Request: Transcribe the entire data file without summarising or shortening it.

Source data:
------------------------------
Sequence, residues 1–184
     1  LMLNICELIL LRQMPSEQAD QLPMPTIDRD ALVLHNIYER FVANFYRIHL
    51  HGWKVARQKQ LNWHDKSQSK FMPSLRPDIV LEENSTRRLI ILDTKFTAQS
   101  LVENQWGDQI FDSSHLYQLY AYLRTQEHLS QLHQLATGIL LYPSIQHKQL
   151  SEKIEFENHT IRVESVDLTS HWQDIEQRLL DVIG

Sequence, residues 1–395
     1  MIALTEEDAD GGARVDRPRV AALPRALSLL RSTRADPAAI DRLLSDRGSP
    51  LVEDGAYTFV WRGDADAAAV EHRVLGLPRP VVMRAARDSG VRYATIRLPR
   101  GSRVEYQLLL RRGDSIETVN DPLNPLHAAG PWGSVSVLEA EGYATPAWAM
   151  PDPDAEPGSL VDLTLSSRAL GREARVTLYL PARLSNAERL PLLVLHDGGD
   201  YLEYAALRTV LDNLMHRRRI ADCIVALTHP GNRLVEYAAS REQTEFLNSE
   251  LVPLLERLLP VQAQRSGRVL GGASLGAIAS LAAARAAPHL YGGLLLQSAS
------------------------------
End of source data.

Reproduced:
Sequence, residues 1–184
     1  LMLNICELIL LRQMPSEQAD QLPMPTIDRD ALVLHNIYER FVANFYRIHL
    51  HGWKVARQKQ LNWHDKSQSK FMPSLRPDIV LEENSTRRLI ILDTKFTAQS
   101  LVENQWGDQI FDSSHLYQLY AYLRTQEHLS QLHQLATGIL LYPSIQHKQL
   151  SEKIEFENHT IRVESVDLTS HWQDIEQRLL DVIG

Sequence, residues 1–395
     1  MIALTEEDAD GGARVDRPRV AALPRALSLL RSTRADPAAI DRLLSDRGSP
    51  LVEDGAYTFV WRGDADAAAV EHRVLGLPRP VVMRAARDSG VRYATIRLPR
   101  GSRVEYQLLL RRGDSIETVN DPLNPLHAAG PWGSVSVLEA EGYATPAWAM
   151  PDPDAEPGSL VDLTLSSRAL GREARVTLYL PARLSNAERL PLLVLHDGGD
   201  YLEYAALRTV LDNLMHRRRI ADCIVALTHP GNRLVEYAAS REQTEFLNSE
   251  LVPLLERLLP VQAQRSGRVL GGASLGAIAS LAAARAAPHL YGGLLLQSAS